The Price of Stability

The Guangzhou Daily is the flagship of China’s newspaper industry. Launched just after Liberation by the Guangzhou Party Committee, the Daily spent 40 years as a Party organ, toeing the Party line, bringing the CPC’s views to the people.

The Daily was the first of China’s papers to begin fending for itself in 1990, setting up chain stores to sell its copy, increasing content from 4 to 60 pages over eight years and forming a conglomerate long before any other Chinese papers had even thought of it. In 2000 the Daily hit revenues of 1.3 billion yuan ($156.6 million), with a circulation of 1.6 million by 2001.

The success of the Daily helped pave the way for more daring papers to take the scene, specifically the papers of the Nan Fang Group, the Southern Metropolis Daily and the Southern Weekend. The Nan Fang Group, created about six years ago, aggressively reported on graft and migrant workers and most recently SARS and the beating death of Sun Zhigang in Guangzhou’s jails.

Now, the editors responsible for this journalistic excellence have been rounded up and face indefinite prison terms and perhaps worse – according to many the work of police officials whose careers were stalled by the story about Sun. This is not the first time editors have been rounded up on trumped up charges of corruption – the Guangzhou Daily faced the same persecution, when the former editor-in-chief Liu Yuanjiang was sentenced to four years in prison.

Jiang Zemin himself was catapulted into the upper ranks of the Communist Party when he closed down the World Daily in Shanghai during the Tiananmen Square protests in 1989.

The fall of the editors of the SMD this year and the World Daily 15 years ago were met with approval by Beijing, but were actually executed by local officials, for local reasons.

Hu’s Administration has led the people to believe that his would be an era of reform and progress in the realm of politics as well as economics, but if it were not for the reporting of the SMD, those promises would have been completely empty. As it is, the breaking of the SARS story and the Sun story raised such an uproar that, to maintain stability, reforms were made.

Qiu Hou Suan Zhang – pay the debts after the harvest – refers to revenge after the dust has settled: Cheng Yi Zhong, Yu HuaFeng and Li Minying, the imprisoned former editors of the SMD, now fully understand these four Chinese words.

More Insecurity or More Stability?

In related news, the Basic Law of Hong Kong has been diluted by a series of talks between Beijing and Hong Kong officials – the end result being that Hong Kong’s dreams of democracy have been put on hold, indefinitely.

After the outpouring of anger against the proposed Anti-Sedition Law last July, Beijing, their Hong Kong puppets and the local business community decided to take matters and put them in the NPC’s hands, rather than risk the people of Hong Kong actually having a say.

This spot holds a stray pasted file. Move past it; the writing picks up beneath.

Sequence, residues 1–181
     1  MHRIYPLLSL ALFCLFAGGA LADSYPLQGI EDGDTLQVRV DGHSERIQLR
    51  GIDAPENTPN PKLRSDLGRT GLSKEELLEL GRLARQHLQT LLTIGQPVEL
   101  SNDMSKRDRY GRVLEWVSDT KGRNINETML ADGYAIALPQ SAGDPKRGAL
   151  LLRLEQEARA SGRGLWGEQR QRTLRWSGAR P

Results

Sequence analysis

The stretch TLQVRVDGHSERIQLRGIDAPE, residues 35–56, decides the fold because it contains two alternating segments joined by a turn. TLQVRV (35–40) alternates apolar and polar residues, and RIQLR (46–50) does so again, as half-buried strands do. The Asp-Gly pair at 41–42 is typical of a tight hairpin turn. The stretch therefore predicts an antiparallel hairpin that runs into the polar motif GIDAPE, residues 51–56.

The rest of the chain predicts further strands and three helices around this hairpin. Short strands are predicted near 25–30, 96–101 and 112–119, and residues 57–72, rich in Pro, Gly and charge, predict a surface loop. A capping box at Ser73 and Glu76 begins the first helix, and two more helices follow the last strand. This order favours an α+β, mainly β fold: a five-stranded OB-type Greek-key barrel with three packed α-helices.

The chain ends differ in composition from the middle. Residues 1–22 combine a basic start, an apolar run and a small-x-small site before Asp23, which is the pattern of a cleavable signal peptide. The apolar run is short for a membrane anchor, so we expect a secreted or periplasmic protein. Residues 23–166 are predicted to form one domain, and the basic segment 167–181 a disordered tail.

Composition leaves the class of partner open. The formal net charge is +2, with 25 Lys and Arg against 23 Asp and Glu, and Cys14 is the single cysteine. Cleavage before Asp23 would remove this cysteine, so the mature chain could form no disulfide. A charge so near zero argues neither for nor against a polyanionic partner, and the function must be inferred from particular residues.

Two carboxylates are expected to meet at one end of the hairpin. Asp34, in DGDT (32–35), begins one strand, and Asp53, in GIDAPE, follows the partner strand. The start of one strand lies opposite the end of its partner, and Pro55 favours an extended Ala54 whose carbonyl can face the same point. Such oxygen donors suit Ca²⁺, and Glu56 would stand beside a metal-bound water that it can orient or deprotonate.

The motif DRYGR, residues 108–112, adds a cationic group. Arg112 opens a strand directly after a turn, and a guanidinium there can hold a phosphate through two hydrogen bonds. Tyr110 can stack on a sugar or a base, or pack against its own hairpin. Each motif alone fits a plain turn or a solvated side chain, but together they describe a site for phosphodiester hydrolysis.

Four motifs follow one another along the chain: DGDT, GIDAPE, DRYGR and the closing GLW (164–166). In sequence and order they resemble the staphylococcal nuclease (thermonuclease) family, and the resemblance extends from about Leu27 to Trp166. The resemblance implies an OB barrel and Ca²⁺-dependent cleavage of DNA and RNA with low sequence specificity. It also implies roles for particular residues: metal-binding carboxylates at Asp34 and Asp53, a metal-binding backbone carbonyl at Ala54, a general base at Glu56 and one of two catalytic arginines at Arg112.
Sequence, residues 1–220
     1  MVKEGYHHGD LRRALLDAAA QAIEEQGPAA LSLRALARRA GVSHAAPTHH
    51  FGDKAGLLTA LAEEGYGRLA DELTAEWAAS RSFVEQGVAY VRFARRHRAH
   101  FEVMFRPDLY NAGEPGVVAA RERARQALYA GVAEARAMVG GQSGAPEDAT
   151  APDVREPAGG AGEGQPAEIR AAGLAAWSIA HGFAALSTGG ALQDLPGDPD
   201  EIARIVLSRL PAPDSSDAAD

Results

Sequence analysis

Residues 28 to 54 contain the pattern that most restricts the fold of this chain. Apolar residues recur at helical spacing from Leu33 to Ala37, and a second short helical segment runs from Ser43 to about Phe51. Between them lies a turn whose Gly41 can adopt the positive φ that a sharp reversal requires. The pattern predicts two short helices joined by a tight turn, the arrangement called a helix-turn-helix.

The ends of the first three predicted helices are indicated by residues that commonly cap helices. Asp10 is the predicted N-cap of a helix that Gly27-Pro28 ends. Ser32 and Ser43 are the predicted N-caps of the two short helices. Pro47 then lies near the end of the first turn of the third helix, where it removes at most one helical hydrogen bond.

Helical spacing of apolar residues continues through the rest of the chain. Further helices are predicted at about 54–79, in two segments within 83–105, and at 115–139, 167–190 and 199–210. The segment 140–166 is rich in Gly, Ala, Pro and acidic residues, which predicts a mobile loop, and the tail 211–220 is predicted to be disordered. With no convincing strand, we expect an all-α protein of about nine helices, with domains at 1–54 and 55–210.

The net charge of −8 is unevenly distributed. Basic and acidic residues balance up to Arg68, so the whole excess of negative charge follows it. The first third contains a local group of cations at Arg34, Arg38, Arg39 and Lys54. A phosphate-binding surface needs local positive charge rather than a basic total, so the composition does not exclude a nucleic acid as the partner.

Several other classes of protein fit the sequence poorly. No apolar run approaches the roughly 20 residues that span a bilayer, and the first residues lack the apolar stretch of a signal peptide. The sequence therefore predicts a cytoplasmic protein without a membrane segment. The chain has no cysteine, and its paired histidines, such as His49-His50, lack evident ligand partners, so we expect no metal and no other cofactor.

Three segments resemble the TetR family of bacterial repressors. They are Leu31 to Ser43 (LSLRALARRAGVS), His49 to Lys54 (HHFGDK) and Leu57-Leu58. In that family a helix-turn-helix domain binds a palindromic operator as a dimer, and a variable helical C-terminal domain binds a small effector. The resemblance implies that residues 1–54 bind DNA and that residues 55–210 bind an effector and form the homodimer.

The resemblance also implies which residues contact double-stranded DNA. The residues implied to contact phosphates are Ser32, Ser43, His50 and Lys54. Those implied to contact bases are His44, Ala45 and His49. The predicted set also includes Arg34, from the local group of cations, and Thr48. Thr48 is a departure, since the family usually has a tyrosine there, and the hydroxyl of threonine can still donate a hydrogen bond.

This bodes ill for the Falun Gong practitioners and Tiananmen “revisionists” who, up until now, were allowed to air their views without having a member of the PLA put a foot on their mouth.

And with the crackdown on journalism just across the way in Guangzhou, what could the “new interpretation” of the Basic Law mean for the South China Morning Post? The SCMP has retained a lot of its freedom since 1997 and regularly reports on matters the Nan Fang Daily papers wouldn’t touch … how long can this last?

The Price

Close to home, China has paid the price in Taiwan for its crude methods of suppression.

Taiwanese are quite aware of the events in Guangzhou and Hong Kong and have come to realize that the CPC’s insecurity translates into broken promises concerning reform and swift crackdowns on disobedience. Democracy in Taiwan is alive and kicking – although hauntingly reminiscent of the 2000 US election, the people of Taiwan have methods to address the issues of a recount, invalid votes and the “assassination attempt” that did not result in mass imprisonment.

The Mainland has shown Taiwan that in the year 2004, Chinese domestic politics are crude, whimsical and fraught with insecurity.

China has also paid the price internationally.

It looked as if the EU might have lifted a ban on arms sales with China, but at the last minute US objections and nagging doubts about China’s domestic politics swayed the EU members to turn away.

Toward rival India.


Modeled after CNN, CCTV 9 covers from a government point of view, but also alike CNN, the News Channel has developed into a professional, streamlined operation with good, albeit biased, journalism.

Images of GIs battling Iraqis with clubs, dead and dying Iraqi children and Condoleeza’s testimony are accompanied by not-so-subtle anti-war commentary which one would be hard pressed to find on many American networks.

Coupled with domestic coverage of the AIDS crisis and measures taken to address infectious diseases, CCTV 9 presents itself as a news source as reliable as any major news network. They are even planning to launch a Spanish-language program in the near future.

But perhaps the real hope for the establishment of critical journalism in China is the work of overseas Chinese.

In cities like Vancouver, Chinese journalists are writing stories the established local journalists are unable to cover and bringing the Mainland to the West like only a Chinese journalist can – exclusive interviews, breaking news, shedding light on China’s mysteries.

These journalists and their colleagues in Guangzhou are the real patriots of China, if only the Chinese government sheds the fear that blinds them, then perhaps they would see it as well.